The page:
Objectives: Involvement of central nervous system (CNS) by Hydatid cyst is rare comprising 0.5–4% of all hydatid cysts and principally affecting those younger than 20 years, giving rise to cystic masses mostly in the cerebral hemispheres. To report the clinicopathological findings of CNS hydatid cysts, we diagnosed and review the findings of the previous studies. Materials and Methods: All cases reported in our Section between January 1, 2001, and June 30, 2022, were included in the study. By searching our files, cases were retrieved, and diagnosis was confirmed. Follow-up was received on telephone. Ethical exemption was obtained. Results: Thirty-three cases were diagnosed. Almost all were received from rural areas. There were 17 females and 16 males. Mean and median age were 20 and 19 years, respectively. Over 60% were younger than 20 years of age. All 33 involved the cerebral and cerebellar hemispheres. Seventy six percent were supratentorial while 24% were infratentorial. The most common signs and symptoms included weakness, headaches, and seizures. All appeared as solitary cystic masses on imaging. Almost 67% were clinically suspected to be hydatid cysts. Grossly, thin-walled transparent unilocular or multilocular cysts filled with viscous material were received intact in 52% and in multiple pieces in 48% cases. Intact cysts measured 7 cm on average. All demonstrated typical histology. Of the nine patients whose follow-up was available, one died from unspecified acute surgery related complications. Four patients were asymptomatic at the time of follow-up, whereas four developed recurrent cysts. All eight received albendazole therapy. Conclusion: Cerebellum/posterior fossa location was common. Several cases were received in multiple pieces with increased risk of recurrence. Clinicopathological features were similar to those reported in literature. This series will hopefully serve to increase awareness regarding CNS hydatid disease.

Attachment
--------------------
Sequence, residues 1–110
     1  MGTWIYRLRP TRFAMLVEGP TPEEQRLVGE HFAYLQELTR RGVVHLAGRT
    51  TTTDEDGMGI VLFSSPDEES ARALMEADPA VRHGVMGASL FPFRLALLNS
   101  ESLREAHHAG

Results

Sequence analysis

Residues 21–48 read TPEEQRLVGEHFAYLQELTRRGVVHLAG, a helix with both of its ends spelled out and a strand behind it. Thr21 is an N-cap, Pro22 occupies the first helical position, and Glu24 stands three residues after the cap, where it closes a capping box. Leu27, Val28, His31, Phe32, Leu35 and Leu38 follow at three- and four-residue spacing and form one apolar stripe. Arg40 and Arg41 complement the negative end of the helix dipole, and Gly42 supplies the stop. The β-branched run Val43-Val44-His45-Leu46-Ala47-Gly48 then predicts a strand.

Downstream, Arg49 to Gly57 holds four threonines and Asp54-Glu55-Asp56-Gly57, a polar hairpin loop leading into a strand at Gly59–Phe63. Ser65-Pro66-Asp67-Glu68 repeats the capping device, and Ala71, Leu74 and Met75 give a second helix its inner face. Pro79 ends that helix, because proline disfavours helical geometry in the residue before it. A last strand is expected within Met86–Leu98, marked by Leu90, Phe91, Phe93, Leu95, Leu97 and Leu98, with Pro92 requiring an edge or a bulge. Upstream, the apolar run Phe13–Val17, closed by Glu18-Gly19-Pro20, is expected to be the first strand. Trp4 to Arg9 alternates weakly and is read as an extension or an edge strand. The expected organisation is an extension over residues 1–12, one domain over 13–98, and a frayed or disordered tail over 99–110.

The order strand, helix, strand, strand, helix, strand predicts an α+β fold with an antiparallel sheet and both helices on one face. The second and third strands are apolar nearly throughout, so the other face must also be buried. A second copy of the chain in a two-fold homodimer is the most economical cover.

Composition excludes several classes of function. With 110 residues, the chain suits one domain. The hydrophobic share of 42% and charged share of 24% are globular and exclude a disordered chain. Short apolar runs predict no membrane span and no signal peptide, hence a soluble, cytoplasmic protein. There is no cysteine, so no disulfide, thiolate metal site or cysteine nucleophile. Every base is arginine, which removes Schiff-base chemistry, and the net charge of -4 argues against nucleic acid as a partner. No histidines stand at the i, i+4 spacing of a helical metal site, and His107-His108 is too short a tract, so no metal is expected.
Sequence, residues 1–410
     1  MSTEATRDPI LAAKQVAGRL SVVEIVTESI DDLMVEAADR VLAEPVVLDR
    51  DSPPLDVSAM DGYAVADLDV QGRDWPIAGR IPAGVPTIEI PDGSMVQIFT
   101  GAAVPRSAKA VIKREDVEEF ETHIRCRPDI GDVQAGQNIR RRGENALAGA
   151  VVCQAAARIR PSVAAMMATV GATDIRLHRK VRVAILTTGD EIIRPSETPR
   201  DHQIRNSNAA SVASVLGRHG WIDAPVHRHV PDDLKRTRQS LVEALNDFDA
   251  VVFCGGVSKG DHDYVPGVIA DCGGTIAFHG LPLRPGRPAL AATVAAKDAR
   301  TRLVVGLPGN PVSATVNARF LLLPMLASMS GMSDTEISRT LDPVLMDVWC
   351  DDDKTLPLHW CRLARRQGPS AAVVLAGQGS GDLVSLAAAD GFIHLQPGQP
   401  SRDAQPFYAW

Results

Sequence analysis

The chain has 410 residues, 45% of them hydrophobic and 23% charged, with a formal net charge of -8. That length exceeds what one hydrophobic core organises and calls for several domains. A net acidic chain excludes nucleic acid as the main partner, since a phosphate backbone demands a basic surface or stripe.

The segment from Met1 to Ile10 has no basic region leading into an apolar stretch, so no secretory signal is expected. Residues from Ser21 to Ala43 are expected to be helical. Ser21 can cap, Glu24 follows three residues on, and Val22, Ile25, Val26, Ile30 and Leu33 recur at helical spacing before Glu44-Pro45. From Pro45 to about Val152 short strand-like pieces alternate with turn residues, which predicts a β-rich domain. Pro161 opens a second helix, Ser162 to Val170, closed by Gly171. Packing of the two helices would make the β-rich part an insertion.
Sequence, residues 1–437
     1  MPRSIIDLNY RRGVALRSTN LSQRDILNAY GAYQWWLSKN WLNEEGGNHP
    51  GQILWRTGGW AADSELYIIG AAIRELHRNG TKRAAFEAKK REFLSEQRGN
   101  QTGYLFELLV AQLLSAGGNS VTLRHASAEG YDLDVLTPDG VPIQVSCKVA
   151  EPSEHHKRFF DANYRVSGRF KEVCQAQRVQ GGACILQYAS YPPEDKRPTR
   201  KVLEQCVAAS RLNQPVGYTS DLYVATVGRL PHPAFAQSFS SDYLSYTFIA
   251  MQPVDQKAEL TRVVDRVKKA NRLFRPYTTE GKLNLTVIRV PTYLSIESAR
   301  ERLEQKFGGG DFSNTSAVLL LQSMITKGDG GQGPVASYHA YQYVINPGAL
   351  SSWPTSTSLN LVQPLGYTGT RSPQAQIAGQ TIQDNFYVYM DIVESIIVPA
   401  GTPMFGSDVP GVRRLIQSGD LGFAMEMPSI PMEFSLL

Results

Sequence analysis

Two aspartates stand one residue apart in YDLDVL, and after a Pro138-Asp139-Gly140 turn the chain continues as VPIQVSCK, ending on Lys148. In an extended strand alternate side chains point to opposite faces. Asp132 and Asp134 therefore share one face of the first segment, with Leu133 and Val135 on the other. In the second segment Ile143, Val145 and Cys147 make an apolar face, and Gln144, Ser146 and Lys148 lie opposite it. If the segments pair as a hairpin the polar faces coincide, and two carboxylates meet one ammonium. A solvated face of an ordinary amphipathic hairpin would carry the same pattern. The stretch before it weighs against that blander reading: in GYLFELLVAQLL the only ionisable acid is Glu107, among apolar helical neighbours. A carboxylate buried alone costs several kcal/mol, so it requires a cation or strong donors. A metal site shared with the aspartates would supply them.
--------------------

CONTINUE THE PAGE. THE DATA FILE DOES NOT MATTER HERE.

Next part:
- Central nervous system
- Hydatid cyst